Published on January 30th, 2011 | by Scallywag1
Spain’s unemployment is the highest in the industrial world.
While the US has been hobbled with an ‘official’ unemployment rate hobbling circa 9 – 9.5 % (who knows what the real ‘street’ rate is) Spain released some sobering news this Friday which reveals its jobless rate has surged to a 13 year record of above 20 %. News we doubt that will be sending the workers looking for their cava…
Another 121,900 people joined Spain’s unemployment queues in the final quarter of the year, pushing the total to 4.697 million people, said the national statistics institute INE.
The resulting unemployment rate was 20.33 percent for the end of the year — easily exceeding Prime Minister Jose Luis Rodriguez Zapatero’s target of 19.4 percent.
Spain appears to be stuck in a rut of staggeringly high levels of unemployment.
Which raises some important questions, why is that Spain and other industrialized nations, especially those in the OECD are unable to get out of their quagmire? Is it something to do with the vast debts that they owe,(you can thank the construction industry for Spain’s high debts- which is non existent these days and saddled with property values at vastly diminished rates than just 3 years ago) the pressure from the financial community to immediately pummel the bond and equity markets if it doesn’t ‘behave’ itself or just a structural malaise inherent in Europe?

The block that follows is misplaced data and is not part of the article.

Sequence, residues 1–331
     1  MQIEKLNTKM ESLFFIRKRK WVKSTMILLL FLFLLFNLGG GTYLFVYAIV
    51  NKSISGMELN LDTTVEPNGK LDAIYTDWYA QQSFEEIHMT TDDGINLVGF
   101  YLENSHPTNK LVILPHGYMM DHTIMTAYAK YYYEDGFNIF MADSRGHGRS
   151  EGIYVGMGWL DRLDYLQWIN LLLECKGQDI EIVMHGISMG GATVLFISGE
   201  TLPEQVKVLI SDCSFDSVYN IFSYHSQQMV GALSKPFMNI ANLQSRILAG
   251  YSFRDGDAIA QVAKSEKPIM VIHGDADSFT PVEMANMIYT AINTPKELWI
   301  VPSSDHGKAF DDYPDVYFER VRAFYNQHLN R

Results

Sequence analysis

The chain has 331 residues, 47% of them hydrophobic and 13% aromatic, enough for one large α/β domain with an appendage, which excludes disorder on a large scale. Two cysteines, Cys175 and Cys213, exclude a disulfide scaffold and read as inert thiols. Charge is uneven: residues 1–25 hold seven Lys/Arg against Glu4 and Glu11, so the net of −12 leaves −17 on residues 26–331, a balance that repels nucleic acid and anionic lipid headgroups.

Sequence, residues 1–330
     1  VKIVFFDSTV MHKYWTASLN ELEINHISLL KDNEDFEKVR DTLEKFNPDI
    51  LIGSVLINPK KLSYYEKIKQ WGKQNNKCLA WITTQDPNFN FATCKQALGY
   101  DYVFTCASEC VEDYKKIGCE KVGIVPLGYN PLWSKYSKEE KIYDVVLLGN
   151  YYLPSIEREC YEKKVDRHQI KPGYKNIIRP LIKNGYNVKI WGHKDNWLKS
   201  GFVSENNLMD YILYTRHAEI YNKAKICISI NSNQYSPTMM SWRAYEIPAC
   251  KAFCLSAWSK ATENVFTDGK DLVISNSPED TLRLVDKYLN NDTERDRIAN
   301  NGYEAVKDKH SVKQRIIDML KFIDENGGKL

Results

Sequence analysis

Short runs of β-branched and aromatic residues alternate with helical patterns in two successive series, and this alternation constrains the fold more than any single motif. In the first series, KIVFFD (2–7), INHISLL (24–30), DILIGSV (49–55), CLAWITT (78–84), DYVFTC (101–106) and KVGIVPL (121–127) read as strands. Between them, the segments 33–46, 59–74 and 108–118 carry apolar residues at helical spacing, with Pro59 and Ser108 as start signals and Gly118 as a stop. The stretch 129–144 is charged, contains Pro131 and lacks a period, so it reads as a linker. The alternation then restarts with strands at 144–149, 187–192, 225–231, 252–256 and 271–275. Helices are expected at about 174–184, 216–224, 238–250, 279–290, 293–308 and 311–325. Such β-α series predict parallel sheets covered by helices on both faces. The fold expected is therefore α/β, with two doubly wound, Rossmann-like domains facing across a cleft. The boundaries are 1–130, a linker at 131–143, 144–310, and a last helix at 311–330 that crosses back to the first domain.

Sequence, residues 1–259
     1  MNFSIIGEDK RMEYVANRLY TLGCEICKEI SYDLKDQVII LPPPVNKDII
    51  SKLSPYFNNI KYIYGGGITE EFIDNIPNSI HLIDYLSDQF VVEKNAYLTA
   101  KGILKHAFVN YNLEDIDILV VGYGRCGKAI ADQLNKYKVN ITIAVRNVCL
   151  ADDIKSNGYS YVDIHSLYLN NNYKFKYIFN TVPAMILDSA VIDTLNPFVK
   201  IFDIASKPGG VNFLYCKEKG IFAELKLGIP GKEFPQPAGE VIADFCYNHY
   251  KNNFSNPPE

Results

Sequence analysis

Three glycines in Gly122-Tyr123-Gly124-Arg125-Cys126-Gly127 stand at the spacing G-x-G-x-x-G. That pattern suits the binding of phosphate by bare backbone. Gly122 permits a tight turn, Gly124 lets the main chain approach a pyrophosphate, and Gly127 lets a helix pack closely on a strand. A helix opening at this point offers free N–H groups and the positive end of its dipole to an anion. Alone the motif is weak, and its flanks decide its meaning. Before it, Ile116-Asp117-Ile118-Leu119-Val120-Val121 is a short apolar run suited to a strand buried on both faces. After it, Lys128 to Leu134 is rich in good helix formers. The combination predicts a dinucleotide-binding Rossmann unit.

Last year the government introduced a hotly contested labour market reform that cut the country’s high cost of firing workers and gave companies more flexibility to reduce working hours and staff levels in economic downturns — changes that it argued would boost job creation.
Spaniards see unemployment as Spain’s biggest problem and one in two, 49.8 percent, fear the jobless situation will get worse, a poll published by the CIS research firm this month showed.
A reform that it seems has yielded very little in terms of employment numbers going up, but at least one can speculate that Spanish bonds and equities are a firm buy for now as everyone dumps them overboard and the Spanish government, like all industrial government these days is forced to come up with strategies that will see these financial instruments propped up in value, never mind the guy begging for food down the street.